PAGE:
The Doncaster Chronicle
Article printed January 21st 1916, regarding conscription. Even though vast numbers volunteered, it was not enough so conscription was brought in. Does anyone know what this was? A military service act passed by parliament which stated that all men of a certain age must enlist to help in the war unless medically unfit for duty. The age for enlisting was amended each time more men was required.
Local soldier poem
Poetry was extremely good at portraying the war in a positive way, it was very popular, not only for the troops but with the civilans as well. There was vast amounts of poetry written during the war. The type of poetry written depended on the poets perception and experience. It could be: Patriotic - Gives honour and dignity to the soldiers, ‘celebrates’ the war (sees it as a good thing), emphasises the bravery of the soldiers.
Anti-war – views the war as destructive, portrays the suffering and condemns the war.
Witness – not participants of the war but have been through the wartime experience, eg. Victims of the war, families/children/prisoners.
Soldier poets – first hand war experiences, an expression of their feelings of either their comrades or the conflict.
A local soldier wrote a poem considered to be propaganda which was printed in the Doncaster chronicle on 11th February 1916.
How effective is this poem? The poems rhyming couplets make it flow, it sounds catchy and likeable, not very complex. The simplicity of the language means it is easy to understand therefore appealing to the everyday man with little or no education. It aims to make the local men who have not yet signed up for the army, feel very guilty and worthless whilst praising the soldiers for their bravery, comparing them to ‘lions’ which are considered courageous, proud, powerful and ferocious. Known as ‘kings of the jungle’.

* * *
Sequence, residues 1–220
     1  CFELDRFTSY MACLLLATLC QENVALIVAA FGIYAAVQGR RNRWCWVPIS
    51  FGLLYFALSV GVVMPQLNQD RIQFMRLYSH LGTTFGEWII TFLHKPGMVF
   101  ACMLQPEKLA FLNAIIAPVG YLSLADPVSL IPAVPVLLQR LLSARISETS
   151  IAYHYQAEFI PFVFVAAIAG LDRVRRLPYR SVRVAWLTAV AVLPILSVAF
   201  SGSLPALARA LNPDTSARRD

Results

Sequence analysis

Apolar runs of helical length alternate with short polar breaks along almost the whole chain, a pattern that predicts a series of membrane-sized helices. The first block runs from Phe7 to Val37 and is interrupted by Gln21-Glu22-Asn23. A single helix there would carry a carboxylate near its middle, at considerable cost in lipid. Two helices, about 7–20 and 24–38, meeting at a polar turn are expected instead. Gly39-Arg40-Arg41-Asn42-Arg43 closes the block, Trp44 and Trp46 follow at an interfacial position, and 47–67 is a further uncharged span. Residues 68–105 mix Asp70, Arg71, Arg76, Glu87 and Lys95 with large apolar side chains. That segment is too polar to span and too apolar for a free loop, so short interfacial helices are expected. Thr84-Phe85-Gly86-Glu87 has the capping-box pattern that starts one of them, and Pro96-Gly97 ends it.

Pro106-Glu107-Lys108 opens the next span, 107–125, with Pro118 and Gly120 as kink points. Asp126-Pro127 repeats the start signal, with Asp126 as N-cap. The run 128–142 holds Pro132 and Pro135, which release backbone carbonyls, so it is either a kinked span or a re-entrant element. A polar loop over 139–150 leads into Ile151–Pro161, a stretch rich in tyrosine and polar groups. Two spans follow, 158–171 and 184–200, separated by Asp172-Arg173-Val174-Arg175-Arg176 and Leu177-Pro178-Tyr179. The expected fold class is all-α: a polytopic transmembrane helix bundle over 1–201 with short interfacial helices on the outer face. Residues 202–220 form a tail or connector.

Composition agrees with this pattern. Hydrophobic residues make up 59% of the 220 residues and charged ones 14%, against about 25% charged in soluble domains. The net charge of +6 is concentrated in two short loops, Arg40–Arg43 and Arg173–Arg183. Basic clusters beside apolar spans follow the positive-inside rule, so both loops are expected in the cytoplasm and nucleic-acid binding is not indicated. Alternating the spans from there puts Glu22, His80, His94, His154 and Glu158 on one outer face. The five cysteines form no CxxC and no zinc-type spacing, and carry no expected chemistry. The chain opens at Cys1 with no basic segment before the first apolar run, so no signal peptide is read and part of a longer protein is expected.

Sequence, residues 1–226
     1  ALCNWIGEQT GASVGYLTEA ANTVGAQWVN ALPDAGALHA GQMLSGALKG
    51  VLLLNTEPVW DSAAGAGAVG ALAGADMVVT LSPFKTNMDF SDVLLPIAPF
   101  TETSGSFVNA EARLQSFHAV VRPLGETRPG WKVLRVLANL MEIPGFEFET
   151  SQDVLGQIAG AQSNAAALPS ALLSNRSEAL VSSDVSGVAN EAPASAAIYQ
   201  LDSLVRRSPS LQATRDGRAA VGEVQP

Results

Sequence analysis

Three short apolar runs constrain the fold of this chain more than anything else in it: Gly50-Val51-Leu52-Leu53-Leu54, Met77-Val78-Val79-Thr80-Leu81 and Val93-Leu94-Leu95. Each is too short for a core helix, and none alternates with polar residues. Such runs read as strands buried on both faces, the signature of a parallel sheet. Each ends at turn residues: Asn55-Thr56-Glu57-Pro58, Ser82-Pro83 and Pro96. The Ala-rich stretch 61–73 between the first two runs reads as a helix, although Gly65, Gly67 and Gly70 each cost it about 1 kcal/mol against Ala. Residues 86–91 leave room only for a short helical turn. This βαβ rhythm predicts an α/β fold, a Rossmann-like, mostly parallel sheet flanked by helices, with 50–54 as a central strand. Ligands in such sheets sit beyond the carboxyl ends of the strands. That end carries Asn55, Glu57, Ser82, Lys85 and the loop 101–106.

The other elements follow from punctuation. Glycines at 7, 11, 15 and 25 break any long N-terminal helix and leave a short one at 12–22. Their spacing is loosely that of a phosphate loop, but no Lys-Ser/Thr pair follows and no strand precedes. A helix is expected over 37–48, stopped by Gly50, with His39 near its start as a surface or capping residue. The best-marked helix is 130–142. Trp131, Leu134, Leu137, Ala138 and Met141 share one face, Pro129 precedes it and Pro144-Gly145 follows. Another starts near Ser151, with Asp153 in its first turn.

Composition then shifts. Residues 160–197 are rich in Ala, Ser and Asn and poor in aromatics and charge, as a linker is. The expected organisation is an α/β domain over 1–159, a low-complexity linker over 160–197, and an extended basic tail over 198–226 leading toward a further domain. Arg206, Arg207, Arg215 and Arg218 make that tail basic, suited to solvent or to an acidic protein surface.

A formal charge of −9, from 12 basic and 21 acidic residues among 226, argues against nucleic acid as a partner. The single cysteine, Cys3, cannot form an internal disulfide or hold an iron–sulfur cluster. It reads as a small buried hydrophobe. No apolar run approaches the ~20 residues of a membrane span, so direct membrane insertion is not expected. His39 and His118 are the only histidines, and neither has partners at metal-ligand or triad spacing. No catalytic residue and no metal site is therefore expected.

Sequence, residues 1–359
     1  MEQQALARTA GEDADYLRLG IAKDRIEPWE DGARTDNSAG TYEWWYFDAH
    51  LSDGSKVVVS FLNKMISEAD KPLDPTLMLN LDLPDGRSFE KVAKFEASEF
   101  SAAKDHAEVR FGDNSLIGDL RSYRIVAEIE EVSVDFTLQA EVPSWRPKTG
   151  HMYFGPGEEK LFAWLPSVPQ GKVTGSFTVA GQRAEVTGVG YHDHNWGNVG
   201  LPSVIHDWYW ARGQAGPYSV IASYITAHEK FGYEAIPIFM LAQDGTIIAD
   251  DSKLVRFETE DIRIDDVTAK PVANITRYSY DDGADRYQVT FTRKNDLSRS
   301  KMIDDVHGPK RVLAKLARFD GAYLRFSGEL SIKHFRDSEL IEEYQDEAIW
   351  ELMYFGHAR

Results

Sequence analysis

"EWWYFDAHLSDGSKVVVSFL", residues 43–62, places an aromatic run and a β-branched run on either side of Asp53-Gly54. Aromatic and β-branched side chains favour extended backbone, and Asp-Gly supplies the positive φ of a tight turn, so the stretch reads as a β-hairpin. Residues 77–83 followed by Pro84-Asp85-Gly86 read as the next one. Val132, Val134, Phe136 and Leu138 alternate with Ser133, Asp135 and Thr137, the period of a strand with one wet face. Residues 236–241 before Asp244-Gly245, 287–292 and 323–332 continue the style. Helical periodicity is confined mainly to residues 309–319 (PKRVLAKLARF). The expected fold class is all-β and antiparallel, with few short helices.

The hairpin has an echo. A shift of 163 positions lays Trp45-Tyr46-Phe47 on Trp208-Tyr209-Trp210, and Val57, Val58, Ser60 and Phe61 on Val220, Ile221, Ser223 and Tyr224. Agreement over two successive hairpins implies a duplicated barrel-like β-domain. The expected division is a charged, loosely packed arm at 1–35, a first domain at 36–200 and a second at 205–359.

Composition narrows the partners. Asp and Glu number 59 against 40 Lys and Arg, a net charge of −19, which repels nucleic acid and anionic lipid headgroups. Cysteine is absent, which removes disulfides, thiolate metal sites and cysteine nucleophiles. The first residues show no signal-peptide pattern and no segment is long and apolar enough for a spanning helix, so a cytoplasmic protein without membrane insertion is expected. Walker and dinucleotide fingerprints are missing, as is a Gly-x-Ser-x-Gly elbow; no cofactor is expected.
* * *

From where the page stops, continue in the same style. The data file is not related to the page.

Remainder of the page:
Before we read his poem, ‘The Soldier’, I will give you some context.
Limited warfare experience. October 1914, he was in charge of a platoon in Antwerp but was ordered back to England as the German guns pounded the city to ruins. He had witnessed a city being destroyed and people fleeing for their lives but in his own words, he had been ‘barely under fire’. This solitary experience is the basis in which he created his most famous poems, ‘1914’, which publicly portrayed his idealistic view of the war. However, he personally and privately was not in favour of the war and before writing ‘1914’, he wrote of his ‘resentment that he might have to volunteer for military training and service’. (Roberts: 2014, p. 39) The War sonnets became a focal point for idealism and patriotism as they were promoted by the church and government. His reputation now, is only a pale shadow of what it was during the First World War. At the time he was the most celebrated poet. Today, although his poetic talent is still recognised, his confused and idealistic ideas can be seen for what they are: an heroic and self-less front which concealed a tragically lost young man. (Roberts, 2014, p16)
Play recording of poem – you tube – war poems The Soldier by Rupert Brooke -give handout The poem was originally called ‘The Recruit’ What is the about this poem? Is it propaganda? How does the poet feel about the war and fighting for his country? Why does the poet feel this way? Does the poem reflect the reality of war? What poetic devices are used in the poem? Is Brooke an idealistic poet or a glorifier of war? Analyse and discuss the poem.